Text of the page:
Understanding babies’ vision

October 22, 2019

This is a featured article

It can be difficult sometimes to recognise whether your baby is in full health, or if something isn’t quite right. This is usually down to the lack of communication skills that babies have, meaning they are unable to tell you if something is wrong! 

Babies aren’t born with the same visual abilities that you have as an adult. Instead, their vision develops over time, just as they learn to crawl or walk. It’s important that babies’ eyes and sight develop correctly, as it could cause developmental delays. For this reason, as a parent, it is important to recognise any potential problems with your babies’ vision or eyes.

In some cases, glasses for babies may be necessary, depending on if there is a problem with your babies’ eyesight. Your optician can advise on the best lenses and frames. Many styles can be adjusted to suit young children’s faces, as the bridge of their nose will not have fully developed yet to fully support a standard frame style.

When should you get your baby’s eyes tested?

It can be very helpful to have your baby’s eyes tested at various points through their early life, in order to detect any problems that might occur while their eyes are developing. Most likely, your midwife or a health visitor will carry out a basic check within 72 hours of birth.

After that, the health visitor will likely carry out another check between 6-8 weeks. You may wish to have your baby’s eyes checked at 6 months, but your GP can do an additional check when they turn 1. Eventually, a full eye examination can be carried out by an optician when they reach 2 years old and should be checked every 2 years after that unless otherwise advised by your optician.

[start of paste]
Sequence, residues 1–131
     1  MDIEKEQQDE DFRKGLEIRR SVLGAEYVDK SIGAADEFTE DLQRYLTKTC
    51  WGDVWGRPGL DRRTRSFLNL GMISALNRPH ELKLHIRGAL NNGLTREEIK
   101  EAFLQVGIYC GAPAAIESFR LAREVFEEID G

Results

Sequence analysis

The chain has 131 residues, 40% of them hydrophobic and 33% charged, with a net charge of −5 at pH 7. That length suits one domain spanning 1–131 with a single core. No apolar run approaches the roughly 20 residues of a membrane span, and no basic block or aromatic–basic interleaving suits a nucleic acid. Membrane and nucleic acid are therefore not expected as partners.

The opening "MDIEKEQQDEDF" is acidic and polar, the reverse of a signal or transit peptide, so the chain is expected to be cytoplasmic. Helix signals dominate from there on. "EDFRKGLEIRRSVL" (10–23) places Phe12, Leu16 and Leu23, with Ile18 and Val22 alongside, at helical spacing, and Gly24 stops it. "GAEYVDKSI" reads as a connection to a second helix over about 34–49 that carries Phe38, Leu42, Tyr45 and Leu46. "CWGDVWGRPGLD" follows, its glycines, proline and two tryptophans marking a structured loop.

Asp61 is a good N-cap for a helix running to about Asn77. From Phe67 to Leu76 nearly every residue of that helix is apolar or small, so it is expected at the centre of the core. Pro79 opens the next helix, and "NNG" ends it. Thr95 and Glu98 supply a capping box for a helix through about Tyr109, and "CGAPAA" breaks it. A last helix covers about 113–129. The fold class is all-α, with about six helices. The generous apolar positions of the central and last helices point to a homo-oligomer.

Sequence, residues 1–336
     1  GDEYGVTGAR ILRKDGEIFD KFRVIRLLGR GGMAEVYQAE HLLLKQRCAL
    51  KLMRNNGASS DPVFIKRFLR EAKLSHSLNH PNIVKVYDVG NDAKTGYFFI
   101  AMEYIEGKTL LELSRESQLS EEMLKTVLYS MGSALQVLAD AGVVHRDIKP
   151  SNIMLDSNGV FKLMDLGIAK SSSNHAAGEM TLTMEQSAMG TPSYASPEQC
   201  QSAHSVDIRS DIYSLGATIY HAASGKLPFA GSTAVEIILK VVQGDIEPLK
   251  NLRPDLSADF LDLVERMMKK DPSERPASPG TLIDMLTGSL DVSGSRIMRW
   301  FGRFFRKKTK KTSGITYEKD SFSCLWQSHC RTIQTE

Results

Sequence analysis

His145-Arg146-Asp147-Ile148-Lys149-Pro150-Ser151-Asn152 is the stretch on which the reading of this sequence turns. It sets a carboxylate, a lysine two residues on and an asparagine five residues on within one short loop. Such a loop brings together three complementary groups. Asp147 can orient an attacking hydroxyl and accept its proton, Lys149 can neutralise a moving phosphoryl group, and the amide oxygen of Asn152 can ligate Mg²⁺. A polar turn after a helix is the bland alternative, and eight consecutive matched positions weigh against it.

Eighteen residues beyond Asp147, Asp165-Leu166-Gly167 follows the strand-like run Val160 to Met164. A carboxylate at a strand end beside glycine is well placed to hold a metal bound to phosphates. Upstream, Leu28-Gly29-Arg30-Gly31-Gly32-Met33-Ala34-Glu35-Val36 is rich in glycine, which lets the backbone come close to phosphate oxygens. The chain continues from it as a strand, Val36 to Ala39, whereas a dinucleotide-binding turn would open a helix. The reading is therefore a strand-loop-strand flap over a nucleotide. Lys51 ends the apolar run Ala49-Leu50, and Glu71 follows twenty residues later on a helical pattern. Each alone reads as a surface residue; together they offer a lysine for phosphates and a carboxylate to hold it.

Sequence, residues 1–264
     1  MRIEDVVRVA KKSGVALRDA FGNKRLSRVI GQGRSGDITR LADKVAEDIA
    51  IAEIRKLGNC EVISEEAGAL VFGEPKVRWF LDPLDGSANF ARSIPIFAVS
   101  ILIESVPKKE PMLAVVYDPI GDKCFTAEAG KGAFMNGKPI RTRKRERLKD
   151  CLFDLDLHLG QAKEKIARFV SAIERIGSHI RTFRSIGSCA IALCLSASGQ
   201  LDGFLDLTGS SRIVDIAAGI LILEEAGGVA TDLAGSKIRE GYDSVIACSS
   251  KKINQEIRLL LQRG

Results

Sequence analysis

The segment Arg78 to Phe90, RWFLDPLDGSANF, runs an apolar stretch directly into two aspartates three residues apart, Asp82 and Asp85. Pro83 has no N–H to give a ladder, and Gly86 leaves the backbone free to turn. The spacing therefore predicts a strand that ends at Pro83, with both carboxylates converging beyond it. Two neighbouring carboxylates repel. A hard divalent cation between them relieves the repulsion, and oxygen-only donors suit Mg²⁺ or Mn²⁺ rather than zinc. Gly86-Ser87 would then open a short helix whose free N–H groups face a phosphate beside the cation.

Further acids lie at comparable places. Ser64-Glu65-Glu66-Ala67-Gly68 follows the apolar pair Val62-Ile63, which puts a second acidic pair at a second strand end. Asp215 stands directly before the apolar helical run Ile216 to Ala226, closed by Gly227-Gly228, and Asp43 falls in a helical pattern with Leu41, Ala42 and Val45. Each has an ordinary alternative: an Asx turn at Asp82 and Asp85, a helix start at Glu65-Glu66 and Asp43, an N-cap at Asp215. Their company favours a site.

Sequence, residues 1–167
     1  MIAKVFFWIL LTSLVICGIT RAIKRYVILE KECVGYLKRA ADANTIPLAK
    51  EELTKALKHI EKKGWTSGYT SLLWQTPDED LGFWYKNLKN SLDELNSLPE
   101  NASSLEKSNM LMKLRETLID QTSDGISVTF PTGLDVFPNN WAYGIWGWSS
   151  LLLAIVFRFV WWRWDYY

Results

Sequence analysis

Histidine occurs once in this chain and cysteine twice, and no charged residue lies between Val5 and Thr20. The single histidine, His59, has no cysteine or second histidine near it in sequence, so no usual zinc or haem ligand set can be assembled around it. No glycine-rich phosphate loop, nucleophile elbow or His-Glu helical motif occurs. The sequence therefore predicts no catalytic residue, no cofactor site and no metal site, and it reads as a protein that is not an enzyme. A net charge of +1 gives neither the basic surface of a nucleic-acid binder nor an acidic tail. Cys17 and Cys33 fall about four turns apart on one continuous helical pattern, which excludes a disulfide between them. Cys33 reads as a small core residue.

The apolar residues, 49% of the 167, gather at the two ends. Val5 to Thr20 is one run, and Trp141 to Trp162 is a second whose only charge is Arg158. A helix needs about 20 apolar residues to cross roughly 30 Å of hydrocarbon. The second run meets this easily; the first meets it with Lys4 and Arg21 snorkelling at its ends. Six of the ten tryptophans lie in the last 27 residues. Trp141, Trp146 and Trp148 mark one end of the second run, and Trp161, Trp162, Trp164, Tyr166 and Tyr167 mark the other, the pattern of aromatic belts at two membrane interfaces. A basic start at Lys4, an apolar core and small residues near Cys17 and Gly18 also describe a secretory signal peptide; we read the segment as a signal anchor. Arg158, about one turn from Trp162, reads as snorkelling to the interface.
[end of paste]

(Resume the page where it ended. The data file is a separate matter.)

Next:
How babies’ vision develops 

Babies’ vision develops as they grow older. When your baby is between 0-4 months, they can’t yet tell the difference between two targets. Their primary focus is on objects that are around 8-10 inches from their face.

By 8 weeks, babies are able to focus more easily on faces that are near to them. However, their eyes are not well coordinated at first. If this doesn’t improve over the next few months, consider taking your baby for an evaluation just to double-check everything is okay. Babies should be able to follow moving objects and reach for things at around 3 months of age.

Between the ages of 5-8 months, depth perception usually develops. Babies should have a good colour vision at 5 months, with the onset of crawling further improving good eye coordination.

Problems to look out for 

As a parent, there are some symptoms you can look out for in your baby’s eyes and sight. There are also some conditions that may be more common in a child your age, so it’s important to be aware of them.

Strabismus, or a squint, is a condition where the eyes point in different directions. If left untreated it can lead to amblyopia or a lazy eye. It is important to detect and treat early to ensure vision in both eyes can develop properly. 

Blocked tear ducts occur in around 1 in 5 babies. It’s not serious and it does usually clear by itself, but the eyelid might become sore and conjunctivitis may develop. You should look for a red lump or swelling in the inner corner of the eyelids; this could indicate a more serious infection.

A retinoblastoma is a rare form of eye cancer than is almost exclusively found in young children. Survival and treatment success rates are very high if it is detected early. Look for a white reflection in the pupil or a change in colour of the iris; if you see either of these changes in your baby’s eyes, take them to see a medical professional. 

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